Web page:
(Bloomberg) --

Sibanye-Stillwater Ltd. canceled its $1 billion acquisition of the Santa Rita nickel and Serrote copper mines in Brazil, walking away from assets that were key to its expansion into battery metals.

The deal was terminated after a “geotechnical event” at Santa Rita, Johannesburg-based Sibanye said in a statement on Monday. That’s a setback for Sibanye’s dealmaking Chief Executive Officer Neal Froneman, who is driving the South African platinum and gold miner to join the rush into metals that are key to powering electric vehicles and the wider green revolution.

“The company has assessed the event and its effect and has concluded that it is and is reasonably expected to be material and adverse to the business, financial condition, results of operations, the properties, assets, liabilities or operations of Santa Rita,” Sibanye said in the statement.

Read more: Sibanye Buys Brazil Mines in $1 Billion Battery Metals Push

Sibanye acquired lithium assets in Europe and the U.S. last year and a nickel-processing facility in France. The company will continue searching for new opportunities in battery metals, said spokesman James Wellsted. Wellsted declined to disclose the nature of the event that forced the miner to abandon the purchase from affiliates of funds advised by Appian Capital Advisory LLP.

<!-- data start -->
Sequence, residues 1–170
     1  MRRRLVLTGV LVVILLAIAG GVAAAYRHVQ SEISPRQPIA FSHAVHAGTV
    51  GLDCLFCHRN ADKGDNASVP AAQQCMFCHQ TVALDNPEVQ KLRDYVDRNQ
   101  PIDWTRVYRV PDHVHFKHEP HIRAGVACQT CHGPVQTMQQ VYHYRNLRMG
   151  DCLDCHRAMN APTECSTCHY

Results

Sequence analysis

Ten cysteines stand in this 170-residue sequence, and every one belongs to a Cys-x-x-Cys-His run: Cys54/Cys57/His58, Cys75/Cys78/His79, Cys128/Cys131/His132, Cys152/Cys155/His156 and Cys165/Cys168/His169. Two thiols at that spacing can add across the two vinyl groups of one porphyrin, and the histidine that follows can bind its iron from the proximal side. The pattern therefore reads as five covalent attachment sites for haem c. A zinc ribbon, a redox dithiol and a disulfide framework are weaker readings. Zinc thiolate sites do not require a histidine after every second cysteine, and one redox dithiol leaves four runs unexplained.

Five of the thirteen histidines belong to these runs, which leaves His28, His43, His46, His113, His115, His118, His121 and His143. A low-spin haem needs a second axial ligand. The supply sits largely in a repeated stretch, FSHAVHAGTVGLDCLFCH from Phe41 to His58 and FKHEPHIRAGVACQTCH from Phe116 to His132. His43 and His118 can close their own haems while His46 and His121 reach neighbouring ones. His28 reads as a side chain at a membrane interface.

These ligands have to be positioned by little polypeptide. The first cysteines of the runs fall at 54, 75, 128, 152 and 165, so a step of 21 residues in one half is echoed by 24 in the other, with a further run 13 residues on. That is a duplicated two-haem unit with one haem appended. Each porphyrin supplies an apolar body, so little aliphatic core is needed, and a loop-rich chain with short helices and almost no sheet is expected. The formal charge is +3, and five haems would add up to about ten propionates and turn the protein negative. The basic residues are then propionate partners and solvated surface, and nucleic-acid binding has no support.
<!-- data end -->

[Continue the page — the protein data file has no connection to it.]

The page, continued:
“We are going to continue with our battery metals strategy,” Wellsted said. “We will continue to look for more opportunities.”

Sibanye’s shares fell 2.6% by 9:56 a.m. in Johannesburg, paring this year’s gain to 17%.

Sibanye, which expanded its platinum-group metals business in South Africa by buying cheaper mines when metal prices were lower, faces the risk of costly acquisitions in battery metals as commodities price rally, said Mandi Dungwa, an analyst at Kagiso Asset Management in Cape Town.

“Given where nickel, copper and lithium prices sit today, its going to be a lot more difficult to find cheaper assets,” Dungwa said. “Clearly those metals are worth a whole lot more given where we are in commodities prices than two years ago.”

(Updates with Sibanye spokesman comments in fourth paragraph and analyst in last)

©2022 Bloomberg L.P.